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Regulatory and legal compliance is an aspect of information security that is increasingly important, but still often overlooked, particularly by smaller organizations.
Most business decision-makers are aware of the negative consequences of information security breaches – from lost money to lost clients, damaged reputation and costly court cases. However, what some business leaders still do not realize is, that organizations may have to deal with the law not only when the breach has already occurred. It is also their legal responsibility to eliminate the very conditions that may lead to a potential breach, and put plans in place to respond to any breach should one occur. In the United States and internationally, governments and regulators are now demanding that organizations, large and small, take responsibility for the security of the sensitive data in their custody. Read further to find out what US laws require, and what steps your company should take to keep itself compliant.
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It is no secret that, for organizational growth and survival in today's economic environment, all modern organizations depend on abundant, quality information. After all, we live in what is known as the "information age." Collecting massive data from clients, partners, employees and other stakeholders is the reality of organizational life. We process payrolls, analyze cash flow, keep track of suppliers, research client profiles, data-mine for trends and collect competitive intelligence. These are just some of the tasks most organizations perform to succeed in today's business. However, the same pools of data can also be accessed by individuals with very different goals.
"Unfortunately, individuals not bound by ethical constraints are capable of using easily-available information for illegitimate purposes," says Vincent R. De Palma, President and CEO at Shred-it. "Information theft, including identity theft, is a substantial and growing business these days. Criminals operating in the United States and abroad extract handsome profits by exploiting organizations' security vulnerabilities."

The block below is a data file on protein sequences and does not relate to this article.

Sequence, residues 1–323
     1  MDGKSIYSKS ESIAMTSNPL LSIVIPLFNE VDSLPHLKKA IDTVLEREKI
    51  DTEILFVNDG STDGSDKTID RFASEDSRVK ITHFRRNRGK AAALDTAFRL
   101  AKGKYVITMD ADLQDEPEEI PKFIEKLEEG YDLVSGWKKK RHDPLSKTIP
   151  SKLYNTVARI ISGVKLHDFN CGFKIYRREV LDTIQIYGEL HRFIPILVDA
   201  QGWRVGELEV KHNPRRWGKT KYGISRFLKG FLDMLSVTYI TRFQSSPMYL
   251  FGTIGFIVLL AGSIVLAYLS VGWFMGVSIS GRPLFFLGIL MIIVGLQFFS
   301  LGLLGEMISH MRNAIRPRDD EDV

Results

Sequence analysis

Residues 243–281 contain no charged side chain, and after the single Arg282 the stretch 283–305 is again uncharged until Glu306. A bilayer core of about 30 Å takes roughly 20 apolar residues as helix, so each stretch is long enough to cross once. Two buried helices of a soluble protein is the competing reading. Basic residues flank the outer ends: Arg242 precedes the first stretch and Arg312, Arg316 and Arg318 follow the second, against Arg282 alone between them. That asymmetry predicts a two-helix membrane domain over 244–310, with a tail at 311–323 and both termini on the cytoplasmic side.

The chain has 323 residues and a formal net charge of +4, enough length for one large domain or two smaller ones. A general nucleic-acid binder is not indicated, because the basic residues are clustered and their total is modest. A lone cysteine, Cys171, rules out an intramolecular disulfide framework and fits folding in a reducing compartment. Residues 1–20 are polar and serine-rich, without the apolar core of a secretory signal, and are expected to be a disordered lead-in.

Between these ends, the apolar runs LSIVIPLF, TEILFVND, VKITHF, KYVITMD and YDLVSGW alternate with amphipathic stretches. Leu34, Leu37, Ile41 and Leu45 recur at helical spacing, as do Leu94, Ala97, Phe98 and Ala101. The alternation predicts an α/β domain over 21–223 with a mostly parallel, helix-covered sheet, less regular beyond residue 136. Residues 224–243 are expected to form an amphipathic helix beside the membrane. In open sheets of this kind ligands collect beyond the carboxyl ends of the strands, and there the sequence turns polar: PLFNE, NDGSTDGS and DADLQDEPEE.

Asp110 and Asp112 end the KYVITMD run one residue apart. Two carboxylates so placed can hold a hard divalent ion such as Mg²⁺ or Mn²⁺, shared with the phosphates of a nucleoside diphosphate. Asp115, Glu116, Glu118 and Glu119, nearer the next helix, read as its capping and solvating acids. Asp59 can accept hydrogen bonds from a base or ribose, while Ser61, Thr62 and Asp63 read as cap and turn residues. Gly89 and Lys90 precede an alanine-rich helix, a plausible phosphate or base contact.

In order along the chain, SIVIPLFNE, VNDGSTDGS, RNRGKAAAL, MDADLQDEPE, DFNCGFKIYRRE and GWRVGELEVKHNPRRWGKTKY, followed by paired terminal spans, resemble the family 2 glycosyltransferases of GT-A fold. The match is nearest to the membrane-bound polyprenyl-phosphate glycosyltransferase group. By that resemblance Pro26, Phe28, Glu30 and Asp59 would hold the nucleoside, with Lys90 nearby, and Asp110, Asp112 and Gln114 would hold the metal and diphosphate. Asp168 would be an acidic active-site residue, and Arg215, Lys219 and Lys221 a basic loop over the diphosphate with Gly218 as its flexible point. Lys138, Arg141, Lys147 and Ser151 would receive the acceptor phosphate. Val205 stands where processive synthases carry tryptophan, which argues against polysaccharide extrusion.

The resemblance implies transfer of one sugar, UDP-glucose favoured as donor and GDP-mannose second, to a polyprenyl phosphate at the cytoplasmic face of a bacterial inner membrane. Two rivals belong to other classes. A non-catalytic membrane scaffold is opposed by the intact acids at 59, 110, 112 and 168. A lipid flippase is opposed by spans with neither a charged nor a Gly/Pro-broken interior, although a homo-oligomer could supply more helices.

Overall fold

Armed with a few key pieces of information, such as a name, birth date, social insurance number and address, identity thieves can reconstruct and steal the information of your clients, employees, owners, partners and even your company. They may then use this information for potential criminal gain through false loan applications, credit card fraud, bank account "skimming," false medical insurance claims and more.
It is for this reason that information security laws and regulations have been put in place in the United States and abroad for organizations both large and small.
The US lawmakers have established a legal and regulatory framework to try to ensure that organizations protect sensitive information from misuse.
In our country, the Personal Information Protection and Electronic Documents Act (PIPEDA) protects personal information in the hands of private sector organizations and provides guidelines for the collection, use and disclosure of that information in the course of commercial activity.
The Health Information Technology for Economic and Clinical Health (HITECH) Act was signed in February of 2009 as part of the federal economic stimulus package. The Act creates a federal requirement for the protection of personal health information and provides incentives to physicians for putting into "meaningful use" an Electronic Health Record system.